Succession, Election & Changing Committees

Developing a succession plan involves the Committee regularly reviewing what it needs and planning recruitment. It may be in the quarter before an AGM or six monthly, as well as in the event of an unplanned retirement or exit.

Changing Committees and Induction

The Committee structure and how change is organised will be determined by the nature of your club. Changes usually occur through annual election and resignations. Whatever the reason, the loss of experience can be disruptive but also viewed as positive e.g. fresh enthusiasm, increased expertise and new ideas. Some clubs operate a rolling Committee structure to avoid mass exit of members and vast loss of knowledge. In this approach, a number of Committee members stand down after a set period to enable fresh input from newly elected members. Even in this manner important knowledge can be lost unless the club is careful about the sequence and timing of the process.

An example of a rolling Committee could be:

 Position  In  Out  In  Out
President 2000                  2002                  2003                  2005                 
Secretary                  2001                  2003                  2004                  2006                 
Volunteer Coordinator                  2002                  2004                  2005                  2007                 
Treasurer                  2003                  2005                  2006                  2008                 
Previous Committee members should pass on as much knowledge as possible to their replacement. This will help new members to understand their specific role and how the Committee functions. This approach is supported by keeping accurate and up-to-date records of all information relevant to particular roles. New members can also use previous minutes to become informed about past decisions of the Committee. The change process can be better managed by including an induction process for new members.

Handover / Induction procedures

New Committee members should be informed by written position descriptions about their roles and responsibilities. Briefings from the previous office holder are important to clarify these roles.

A senior official should brief the new Committee members about the club, its history and plans for the future.

All new Committee Members need to be supported in their role and acknowledged for their contribution.

New Committee members should be welcomed and encouraged to contribute. They need access to a past official who can answer questions on how the club works.

New Committee members need to know where the club's documents are and should be provided with copies of key items e.g. Constitution, Minutes, previous Annual Report, and the Committee Charter.

Planning the Election

The rules - as stated in the constitution - dictate how the Committee should function, how it is elected or appointed, meeting requirements, member terms, and who is eligible to serve. In most clubs, Committees are elected/appointed at the AGM. Nominations should be called for and made in writing well in advance of the AGM. This will require ‘head hunting’ to get the numbers and the right mix of motivations, skills and experiences needed to be represented on the Committee. In recruiting, members should consider how representative the Committee is and try to ensure that the Committee’s composition balances the different sections of the club, age, gender, and ethnic and cultural background. It is worth undertaking recruitment well before the AGM and advertising that positions have been filled as a means of getting more members to attend. Some members won't attend an AGM if there is a fear of getting ‘roped in’ on the day.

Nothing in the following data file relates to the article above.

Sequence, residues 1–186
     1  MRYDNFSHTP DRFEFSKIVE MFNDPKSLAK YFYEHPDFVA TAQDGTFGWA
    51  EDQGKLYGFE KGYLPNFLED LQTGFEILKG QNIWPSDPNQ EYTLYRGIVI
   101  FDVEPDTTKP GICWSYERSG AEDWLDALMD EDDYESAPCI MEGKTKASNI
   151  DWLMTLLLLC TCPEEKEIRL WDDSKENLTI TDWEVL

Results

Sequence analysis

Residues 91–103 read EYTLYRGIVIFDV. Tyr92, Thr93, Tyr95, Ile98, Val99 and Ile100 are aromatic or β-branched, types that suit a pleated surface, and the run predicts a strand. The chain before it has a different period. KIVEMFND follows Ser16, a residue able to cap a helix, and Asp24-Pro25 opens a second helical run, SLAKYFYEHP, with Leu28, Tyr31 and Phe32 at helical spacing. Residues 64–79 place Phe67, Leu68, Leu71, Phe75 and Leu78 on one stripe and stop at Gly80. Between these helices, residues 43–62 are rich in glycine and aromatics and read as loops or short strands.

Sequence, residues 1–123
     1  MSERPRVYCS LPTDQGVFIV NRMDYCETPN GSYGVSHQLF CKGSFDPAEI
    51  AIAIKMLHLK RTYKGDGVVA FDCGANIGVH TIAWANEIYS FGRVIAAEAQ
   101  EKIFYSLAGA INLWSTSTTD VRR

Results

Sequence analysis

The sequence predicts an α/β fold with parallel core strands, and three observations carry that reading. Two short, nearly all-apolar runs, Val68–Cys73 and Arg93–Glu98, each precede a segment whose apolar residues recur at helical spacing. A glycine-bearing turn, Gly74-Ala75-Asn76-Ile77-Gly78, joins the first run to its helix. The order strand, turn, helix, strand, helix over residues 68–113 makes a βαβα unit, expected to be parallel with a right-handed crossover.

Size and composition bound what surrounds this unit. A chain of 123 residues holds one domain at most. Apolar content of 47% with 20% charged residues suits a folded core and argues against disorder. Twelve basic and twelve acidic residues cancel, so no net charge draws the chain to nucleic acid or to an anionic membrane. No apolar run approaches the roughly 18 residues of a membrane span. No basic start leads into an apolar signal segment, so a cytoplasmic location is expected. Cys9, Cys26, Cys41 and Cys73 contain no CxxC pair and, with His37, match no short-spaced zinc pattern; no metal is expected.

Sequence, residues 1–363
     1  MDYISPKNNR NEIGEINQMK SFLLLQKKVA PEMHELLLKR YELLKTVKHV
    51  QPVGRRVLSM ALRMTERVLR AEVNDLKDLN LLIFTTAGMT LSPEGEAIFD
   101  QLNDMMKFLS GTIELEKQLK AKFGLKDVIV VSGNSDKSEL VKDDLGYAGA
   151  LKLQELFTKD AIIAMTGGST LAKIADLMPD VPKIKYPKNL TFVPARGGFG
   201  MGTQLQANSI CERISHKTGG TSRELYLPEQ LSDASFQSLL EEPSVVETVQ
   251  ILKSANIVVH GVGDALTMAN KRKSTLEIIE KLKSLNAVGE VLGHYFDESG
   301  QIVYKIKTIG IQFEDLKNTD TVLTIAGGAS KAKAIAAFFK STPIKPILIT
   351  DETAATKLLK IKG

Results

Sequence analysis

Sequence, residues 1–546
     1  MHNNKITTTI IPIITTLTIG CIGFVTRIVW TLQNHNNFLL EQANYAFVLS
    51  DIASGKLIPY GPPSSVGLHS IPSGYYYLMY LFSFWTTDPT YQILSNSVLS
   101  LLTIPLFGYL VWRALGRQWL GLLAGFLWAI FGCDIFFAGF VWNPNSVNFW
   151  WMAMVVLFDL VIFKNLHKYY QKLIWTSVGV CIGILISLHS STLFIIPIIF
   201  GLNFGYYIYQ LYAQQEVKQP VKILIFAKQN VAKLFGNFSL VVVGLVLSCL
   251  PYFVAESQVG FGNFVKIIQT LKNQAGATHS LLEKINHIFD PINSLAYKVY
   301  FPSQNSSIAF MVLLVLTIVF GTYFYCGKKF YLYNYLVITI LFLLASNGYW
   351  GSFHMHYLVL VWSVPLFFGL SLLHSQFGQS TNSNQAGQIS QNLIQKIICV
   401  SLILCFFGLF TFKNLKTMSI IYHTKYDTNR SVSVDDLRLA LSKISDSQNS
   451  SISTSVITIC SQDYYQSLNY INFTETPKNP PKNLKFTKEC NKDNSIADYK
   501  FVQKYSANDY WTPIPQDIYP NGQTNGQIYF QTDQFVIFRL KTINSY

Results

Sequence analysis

The Election

If the club is serious about ensuring smooth transitions and maintaining effective Committee functioning, the election must be carefully planned. Key elements of successful elections include: 

  1. Making members aware of the importance of the election well in advance via a newsletter / email outlining the positions available and the responsibilities. Following up before the election, to boost nominations.
  2. Contact ing individuals that seem suitable for a particular position well in advance.
  3. Inviting members interested in standing for office to attend open Committee meetings so they can see how the Committee functions.
  4. Allowing members to nominate themselves so that everyone has a chance to stand regardless of whether they are asked.
  5. Keeping track of the nominations in case it is necessary to approach suitable people who have not put their names forward for whatever reason.
  6. If there is more than one nomination for a position, setting aside time for candidates to talk for two to three minutes at the AGM. The talk could cover past experience, the candidate’s vision for the club and any special skills/experience they might offer.
  7. Given that it is unlikely that people interested to support the club would be turned down – establishing other positions or breakdowns that could involve anyone showing interest.

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